In the last several years, New Jersey school district attempts to reopen the uniform debate or instate uniform policies have been met with strong parental opposition. Bayonne parents filed suit over a uniform policy that requires students to wear navy tops and khaki bottoms, citing First Amendment freedom of speech protections, but a judge ruled in favor of the district in 2007. Parents in Clifton have protested uniforms twice in the last few years, arguing with both free speech and cost concerns, and managing to defeat proposals in 2009.

This year, however, Hoboken has instituted a uniform policy for all seventh through twelfth graders, and parents have remained quiet. Superintendent of Schools Mark Toback commented that the “goal here is to make the focus on academics more pronounced than the focus on clothing” as well as “to avoid any loss of instructional time while maintaining a good teaching and learning environment.” For this reason, flouters of the dress code—which includes black or khaki slacks as well as polo shirts in red or white for high school students and black or grey for middle school students—will not face severe consequences. Students will be given a chance to change into the uniform, and in the event that they cannot, school officials will give them a pass to display throughout the day. Disciplinary action will occur after rather than during school.

Superintendent Toback gave a comprehensive list of the pros of school uniforms in his commentary, including refocusing school time on academics. He added, “Uniforms will not only take pressure off students who feel that they have to fit in by wearing certain clothes, but also save administrators and faculty from having to waste time dealing with dress code violations.” Hoboken High School Principal Robin Piccapietra also noted that in the wake of last year’s Newtown, Connecticut shooting and similar tragedies, increased emphasis is being placed on security in American schools, and uniforms make it much easier to spot trespassers.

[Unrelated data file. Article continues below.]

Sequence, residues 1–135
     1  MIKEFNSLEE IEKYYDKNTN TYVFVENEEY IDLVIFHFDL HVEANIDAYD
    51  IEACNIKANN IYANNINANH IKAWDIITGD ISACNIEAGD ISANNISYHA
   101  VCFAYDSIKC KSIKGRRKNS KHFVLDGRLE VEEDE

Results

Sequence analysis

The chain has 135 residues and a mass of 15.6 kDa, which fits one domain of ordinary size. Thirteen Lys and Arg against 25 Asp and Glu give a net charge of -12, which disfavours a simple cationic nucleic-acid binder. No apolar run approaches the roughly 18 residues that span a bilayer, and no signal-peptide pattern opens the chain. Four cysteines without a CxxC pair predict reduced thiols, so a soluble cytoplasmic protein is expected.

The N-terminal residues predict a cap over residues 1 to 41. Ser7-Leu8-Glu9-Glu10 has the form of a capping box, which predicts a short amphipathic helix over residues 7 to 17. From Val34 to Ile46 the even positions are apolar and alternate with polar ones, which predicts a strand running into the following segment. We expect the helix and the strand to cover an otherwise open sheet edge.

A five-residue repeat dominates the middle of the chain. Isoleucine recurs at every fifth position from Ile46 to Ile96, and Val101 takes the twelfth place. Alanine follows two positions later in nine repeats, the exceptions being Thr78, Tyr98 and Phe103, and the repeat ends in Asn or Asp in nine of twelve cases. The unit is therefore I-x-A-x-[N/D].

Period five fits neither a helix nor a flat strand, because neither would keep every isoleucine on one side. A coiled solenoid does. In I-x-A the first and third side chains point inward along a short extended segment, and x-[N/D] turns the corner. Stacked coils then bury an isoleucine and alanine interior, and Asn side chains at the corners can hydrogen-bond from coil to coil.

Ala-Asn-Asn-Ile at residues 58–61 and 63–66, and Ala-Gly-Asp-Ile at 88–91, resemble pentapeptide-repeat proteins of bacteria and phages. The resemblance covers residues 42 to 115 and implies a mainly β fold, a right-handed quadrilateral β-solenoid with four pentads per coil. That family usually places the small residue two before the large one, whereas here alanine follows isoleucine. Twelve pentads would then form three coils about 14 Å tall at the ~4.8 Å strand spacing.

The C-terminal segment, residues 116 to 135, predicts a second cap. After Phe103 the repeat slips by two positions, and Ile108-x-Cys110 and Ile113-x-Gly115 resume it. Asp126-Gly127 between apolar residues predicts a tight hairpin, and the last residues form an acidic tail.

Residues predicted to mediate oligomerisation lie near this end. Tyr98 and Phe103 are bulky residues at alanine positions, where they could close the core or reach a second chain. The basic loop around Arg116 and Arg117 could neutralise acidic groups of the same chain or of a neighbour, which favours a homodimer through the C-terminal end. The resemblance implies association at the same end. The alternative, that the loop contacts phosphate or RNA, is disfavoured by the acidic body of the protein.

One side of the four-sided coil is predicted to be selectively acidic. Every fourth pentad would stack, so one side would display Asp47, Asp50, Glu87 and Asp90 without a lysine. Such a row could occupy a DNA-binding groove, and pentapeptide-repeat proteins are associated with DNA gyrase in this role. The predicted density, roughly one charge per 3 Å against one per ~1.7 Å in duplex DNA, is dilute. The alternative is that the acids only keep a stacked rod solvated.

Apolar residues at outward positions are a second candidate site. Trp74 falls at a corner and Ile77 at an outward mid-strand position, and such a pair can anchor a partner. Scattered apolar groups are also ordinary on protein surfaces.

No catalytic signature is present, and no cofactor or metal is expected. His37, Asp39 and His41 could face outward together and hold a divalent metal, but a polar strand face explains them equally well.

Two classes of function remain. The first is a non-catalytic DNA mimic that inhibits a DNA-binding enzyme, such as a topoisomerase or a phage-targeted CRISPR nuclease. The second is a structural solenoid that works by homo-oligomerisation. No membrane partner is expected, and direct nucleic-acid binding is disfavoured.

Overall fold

On the other hand, the question of uniforms usually sparks dissent among parents, with many arguing that uniforms unconstitutionally infringe upon students’ freedom of speech by refusing to celebrate diversity of expression. Other parents have sued over the cost, maintaining that a requirement to purchase school uniforms violates the agreement of free public education for taxpayers’ children. Uniforms are often costly and difficult to procure, especially when they must be purchased from a particular supplier. No matter what, a uniform requirement generally means parents must purchase new clothes for their children, which many lower-income families cannot afford, potentially causing embarrassment to their children. Students with medical or religious concerns regarding the uniforms mandated by their school district may suffer discrimination as a result of their more obvious differences in appearance. Furthermore, school uniforms often play into concerns about gender stereotypes—should male students be made to wear pants and females made to wear skirts? This particular concern is becoming increasingly relevant as parents are trying to broaden their horizons by encouraging kids to embrace what they are drawn to rather than all aspects of normative culture. Finally, some students also may feel discriminated against due to discomfort caused by sizing or clothing material, which could actually become a deterrent to education and focus.

However, the Hoboken policy appears to have taken many of these concerns into consideration; Principal Piccapietra assured parents that the school would organize a website with a list of locations where the clothing included in the policy can be purchased. New Jersey also has a law on the books compelling schools with uniform requirements to first hold a public hearing and give parents plenty of time to acquire the clothing. These schools must also provide uniforms to students of families with economic difficulties and allow students with medical or religious concerns to waive their requirement.

Did You Know?

One of the main topics of discussion regarding uniforms is the question of cost. Some schools require students to wear uniforms from specific companies or customized with the school logo. Despite the estimate that uniforms cost an average of $249 per year, more and more school systems support the ideology that they are still cheaper than regular apparel. According to a survey of principals and other school leaders, published in July of 2013 by Lands’ End School Uniform alongside the National Association of Elementary School Principles (NAESP), 86 percent of participants believe uniforms are more cost-effective. Not only do leaders believe they are more affordable, but they also believe uniforms are creating a positive impact on the student body. Of those surveyed, 86 percent have seen a positive impact on peer pressure, 44 percent have seen an improvement in attendance, 79 percent have seen enhanced student safety, and 64 percent have seen an increase in student achievement.